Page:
Local nurse spends month in Africa

By Rob Vogt, Local Press Writer

It was a chance to help people and see a different part of the world.

Rhianne den Toom, a nurse at the Willow Creek Continuing Care Centre, spent almost a month volunteering with Samaritan’s Purse at Kapsowar Hospital in Kenya.

“I got a chance to do a lot of different things,” she said.

When den Toom arrived, she observed the nursing standards are quite different. There were also a lot of barriers with some limited access to resources such as x-rays and bloodwork.

She also learned that volunteer nursing is a balancing act. They were there to help, but not be a “know-it-all” and inadvertently discourage the nurses there.

den Toom, who was there from Nov. 20 to Dec. 16, experienced everything from labour delivery, pediatrics, and community health, to  men’s and women’s surgical departments, medical departments, and assisted with surgeries.

“It was a chance to help out all over,” she said.

The number of patients varied from day to day, with some staying a long time while others required less treatment.

The days were long too, starting at 7:30 a.m. and running to 8 p.m.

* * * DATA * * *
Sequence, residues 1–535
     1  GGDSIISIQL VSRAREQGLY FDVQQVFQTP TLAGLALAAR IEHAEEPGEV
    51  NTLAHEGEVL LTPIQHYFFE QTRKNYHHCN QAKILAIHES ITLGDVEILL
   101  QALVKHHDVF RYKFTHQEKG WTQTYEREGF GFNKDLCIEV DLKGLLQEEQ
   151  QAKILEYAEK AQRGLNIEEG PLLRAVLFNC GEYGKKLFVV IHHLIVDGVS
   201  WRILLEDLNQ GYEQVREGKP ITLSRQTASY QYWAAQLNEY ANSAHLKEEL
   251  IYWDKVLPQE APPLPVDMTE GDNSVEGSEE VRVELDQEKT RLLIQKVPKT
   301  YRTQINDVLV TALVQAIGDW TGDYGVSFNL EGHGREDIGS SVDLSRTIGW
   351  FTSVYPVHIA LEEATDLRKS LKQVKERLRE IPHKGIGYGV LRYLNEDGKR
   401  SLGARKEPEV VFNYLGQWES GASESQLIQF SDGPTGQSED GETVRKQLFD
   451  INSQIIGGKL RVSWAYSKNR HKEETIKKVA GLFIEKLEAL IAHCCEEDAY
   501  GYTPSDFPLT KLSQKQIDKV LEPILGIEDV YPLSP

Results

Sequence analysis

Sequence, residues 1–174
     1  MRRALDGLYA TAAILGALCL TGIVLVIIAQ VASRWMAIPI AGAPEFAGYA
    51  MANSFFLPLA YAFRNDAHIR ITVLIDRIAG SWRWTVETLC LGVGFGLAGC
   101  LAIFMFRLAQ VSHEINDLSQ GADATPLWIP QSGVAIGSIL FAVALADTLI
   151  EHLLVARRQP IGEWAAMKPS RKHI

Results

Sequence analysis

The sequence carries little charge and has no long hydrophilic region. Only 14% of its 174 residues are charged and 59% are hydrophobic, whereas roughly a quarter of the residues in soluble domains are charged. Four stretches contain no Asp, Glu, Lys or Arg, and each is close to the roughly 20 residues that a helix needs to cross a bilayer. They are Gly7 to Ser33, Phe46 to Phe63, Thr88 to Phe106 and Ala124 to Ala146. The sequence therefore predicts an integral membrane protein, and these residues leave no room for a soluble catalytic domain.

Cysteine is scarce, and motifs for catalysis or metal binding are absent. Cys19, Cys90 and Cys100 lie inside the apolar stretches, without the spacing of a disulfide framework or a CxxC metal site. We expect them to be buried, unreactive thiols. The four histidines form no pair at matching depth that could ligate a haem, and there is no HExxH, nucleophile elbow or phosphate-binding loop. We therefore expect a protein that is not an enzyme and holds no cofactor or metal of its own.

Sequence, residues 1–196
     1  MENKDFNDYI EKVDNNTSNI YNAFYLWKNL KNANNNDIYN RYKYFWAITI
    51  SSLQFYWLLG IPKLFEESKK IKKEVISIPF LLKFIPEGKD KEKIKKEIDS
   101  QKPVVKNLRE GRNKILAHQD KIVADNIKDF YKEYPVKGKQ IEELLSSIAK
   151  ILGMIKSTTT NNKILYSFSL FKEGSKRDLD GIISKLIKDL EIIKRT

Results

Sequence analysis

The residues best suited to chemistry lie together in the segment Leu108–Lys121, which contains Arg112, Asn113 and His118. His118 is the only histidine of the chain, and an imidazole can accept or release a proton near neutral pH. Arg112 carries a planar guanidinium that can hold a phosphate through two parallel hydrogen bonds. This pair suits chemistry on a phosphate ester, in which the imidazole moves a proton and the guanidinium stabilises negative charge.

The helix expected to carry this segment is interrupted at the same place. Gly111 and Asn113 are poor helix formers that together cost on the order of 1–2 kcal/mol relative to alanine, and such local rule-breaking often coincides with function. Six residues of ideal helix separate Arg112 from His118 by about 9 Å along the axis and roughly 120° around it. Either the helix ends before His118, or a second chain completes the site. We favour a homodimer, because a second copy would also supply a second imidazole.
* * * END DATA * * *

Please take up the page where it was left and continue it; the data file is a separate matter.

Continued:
Kapsowar is in a mountainous area of Kenya that receives a fair bit of rain.

She stayed at a compound in a little house, walking distance to the hospital, that was fenced with security all night, and the gates closed at night.

The visiting doctors also stayed there. Two were from the United States who had been volunteering there for a few years.

Working closely with them was a highlight for den Toom.

“They are so welcoming,” she said, adding they would invite her for dinner. “They check up on you.

“They really do care for you.”

Moreover, everybody was encouraging to each other.

“You really get a blessing by being a blessing to them,” den Toom said.

She grew up on a farm between Granum and Nobleford. She did her nursing training first at Lethbridge College then went on to earn her degree at the University of Lethbridge.

She has been at the Willow Creek Continuing Care Centre about a year.

Nursing overseas was something den Toom has wanted to do for awhile, but she wanted to work and gain some experience first.

Once she did, she chose Samaritan’s Purse because she had a friend who had a relationship working with the organization.

The application process involved a lot of paperwork that included getting travel insurance, ensuring her nursing licence was in order in Kenya, and much more.

It is an experience she would like to repeat.

“I would love to go back,” she said. “In a heartbeat.”